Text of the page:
Alberta Employment Law Update - Summer 2012


Post-Termination Conduct

In Gillespie v 1200333 Alberta Ltd., Justice J.M. Ross concluded employers cannot rely on a breach of a Non-disclosure Agreement after termination to retroactively justify the employer's repudiation of an employment contract.

Constructive Dismissal

Removal of the right to a benefit, or the opportunity to do something, is sufficient basis for the Court to conclude an employee was constructively dismissed. ADM Measurement Ltd. v Bullet Electric Ltd. was clear that any existing fiduciary duty owed by the employee to the employer and any consequent restrictive covenants end immediately upon constructive dismissal without cause.

Acceptance of Severance Offers and Releases

In Penney v Vipond Inc. the Master refused the Application for Summary Dismissal, on the basis that the severance contract containing a release clause was ambiguous. Specifically, unless a release is expressly acknowledged and accepted, parties

cannot rely on such a release to obtain summary dismissal.


Gillespie v 1200333 Alberta Ltd., 2012 ABQB 105 [Gillespie]

In Gillespie the plaintiff employee was an occupational therapist who had been dismissed based on interpersonal conflict. One warning was given to the employee and she was dismissed three days later. Immediately following her dismissal, the employee cleaned out her desk and took a number of letters with her. These letters were complimentary however, they also contained sensitive and confidential information regarding her patients.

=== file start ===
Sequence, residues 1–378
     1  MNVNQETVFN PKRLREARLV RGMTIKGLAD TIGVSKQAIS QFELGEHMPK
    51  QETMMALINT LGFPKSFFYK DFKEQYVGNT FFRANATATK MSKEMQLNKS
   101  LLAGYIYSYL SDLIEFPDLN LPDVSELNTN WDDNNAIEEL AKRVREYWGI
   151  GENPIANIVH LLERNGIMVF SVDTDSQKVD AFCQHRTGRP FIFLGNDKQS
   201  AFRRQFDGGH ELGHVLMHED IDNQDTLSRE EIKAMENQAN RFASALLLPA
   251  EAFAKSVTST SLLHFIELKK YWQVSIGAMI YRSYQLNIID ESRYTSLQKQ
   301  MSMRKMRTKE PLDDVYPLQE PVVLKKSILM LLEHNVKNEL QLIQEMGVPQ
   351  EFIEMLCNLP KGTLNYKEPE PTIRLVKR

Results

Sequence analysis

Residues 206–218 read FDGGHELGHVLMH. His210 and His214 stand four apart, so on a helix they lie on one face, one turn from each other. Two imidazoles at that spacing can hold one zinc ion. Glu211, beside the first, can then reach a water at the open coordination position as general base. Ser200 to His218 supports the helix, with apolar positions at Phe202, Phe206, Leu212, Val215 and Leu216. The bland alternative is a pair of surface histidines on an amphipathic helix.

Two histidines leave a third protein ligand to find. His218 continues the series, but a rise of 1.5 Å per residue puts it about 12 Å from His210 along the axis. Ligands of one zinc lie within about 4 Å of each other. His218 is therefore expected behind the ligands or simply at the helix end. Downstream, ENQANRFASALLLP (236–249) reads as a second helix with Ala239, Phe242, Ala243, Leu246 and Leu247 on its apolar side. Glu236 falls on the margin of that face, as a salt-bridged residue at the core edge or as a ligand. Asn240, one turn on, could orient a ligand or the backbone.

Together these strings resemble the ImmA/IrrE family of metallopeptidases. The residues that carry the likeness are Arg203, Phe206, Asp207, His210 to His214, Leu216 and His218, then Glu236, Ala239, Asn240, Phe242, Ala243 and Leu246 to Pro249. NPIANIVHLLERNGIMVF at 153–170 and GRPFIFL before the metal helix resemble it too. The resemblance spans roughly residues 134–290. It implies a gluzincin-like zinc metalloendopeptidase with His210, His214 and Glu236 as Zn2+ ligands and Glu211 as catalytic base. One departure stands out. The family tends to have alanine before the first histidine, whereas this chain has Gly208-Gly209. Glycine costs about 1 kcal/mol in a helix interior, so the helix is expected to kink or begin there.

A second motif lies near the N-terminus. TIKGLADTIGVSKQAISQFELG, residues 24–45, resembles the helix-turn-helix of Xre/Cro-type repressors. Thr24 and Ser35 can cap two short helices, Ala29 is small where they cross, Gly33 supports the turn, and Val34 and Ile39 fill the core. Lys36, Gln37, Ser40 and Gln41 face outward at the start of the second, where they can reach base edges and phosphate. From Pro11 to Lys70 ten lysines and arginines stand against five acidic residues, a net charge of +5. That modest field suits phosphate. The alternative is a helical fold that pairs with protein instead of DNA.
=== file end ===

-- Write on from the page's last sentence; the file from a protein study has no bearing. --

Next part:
Once the defendant employer discovered the employee had removed these documents, the employer alleged the employee had breached the Non-disclosure Agreement. This breach was used to justify the employer's position that the employee had been dismissed with cause.

The Trial Judge concluded that while the evidence of personality conflicts and communication problems were not sufficient to justify the employee's dismissal, the employee's breach of the Non-disclosure Agreement was sufficient to justify dismissal.

On appeal to the Court of Queen's Bench the trial decision was reversed based primarily on the Trial Judge's conclusions on the facts. Specifically, the Trial Judge did not find the employee's removal of documents indicated a character flaw. Instead, he concluded that the breach of the Non-disclosure Agreement was a breach of a material term of the employment contract and that it would be detrimental to the employer's business.


To continue reading

Request your trial

VLEX uses login cookies to provide you with a better browsing experience. If you click on 'Accept' or continue browsing this site we consider that you accept our cookie policy. ACCEPT